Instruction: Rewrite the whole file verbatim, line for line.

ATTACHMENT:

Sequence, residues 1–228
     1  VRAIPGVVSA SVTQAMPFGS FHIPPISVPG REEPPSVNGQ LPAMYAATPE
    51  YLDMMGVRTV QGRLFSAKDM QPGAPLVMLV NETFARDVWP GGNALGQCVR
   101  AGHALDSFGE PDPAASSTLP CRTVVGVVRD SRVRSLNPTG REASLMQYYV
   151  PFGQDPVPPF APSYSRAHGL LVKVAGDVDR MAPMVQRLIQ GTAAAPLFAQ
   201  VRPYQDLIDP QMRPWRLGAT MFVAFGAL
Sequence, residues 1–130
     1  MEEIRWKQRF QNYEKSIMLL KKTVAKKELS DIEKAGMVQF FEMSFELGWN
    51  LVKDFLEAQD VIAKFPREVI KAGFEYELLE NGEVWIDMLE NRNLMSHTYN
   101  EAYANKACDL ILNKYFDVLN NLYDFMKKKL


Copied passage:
Sequence, residues 1–228
     1  VRAIPGVVSA SVTQAMPFGS FHIPPISVPG REEPPSVNGQ LPAMYAATPE
    51  YLDMMGVRTV QGRLFSAKDM QPGAPLVMLV NETFARDVWP GGNALGQCVR
   101  AGHALDSFGE PDPAASSTLP CRTVVGVVRD SRVRSLNPTG REASLMQYYV
   151  PFGQDPVPPF APSYSRAHGL LVKVAGDVDR MAPMVQRLIQ GTAAAPLFAQ
   201  VRPYQDLIDP QMRPWRLGAT MFVAFGAL
Sequence, residues 1–130
     1  MEEIRWKQRF QNYEKSIMLL KKTVAKKELS DIEKAGMVQF FEMSFELGWN
    51  LVKDFLEAQD VIAKFPREVI KAGFEYELLE NGEVWIDMLE NRNLMSHTYN
   101  EAYANKACDL ILNKYFDVLN NLYDFMKKKL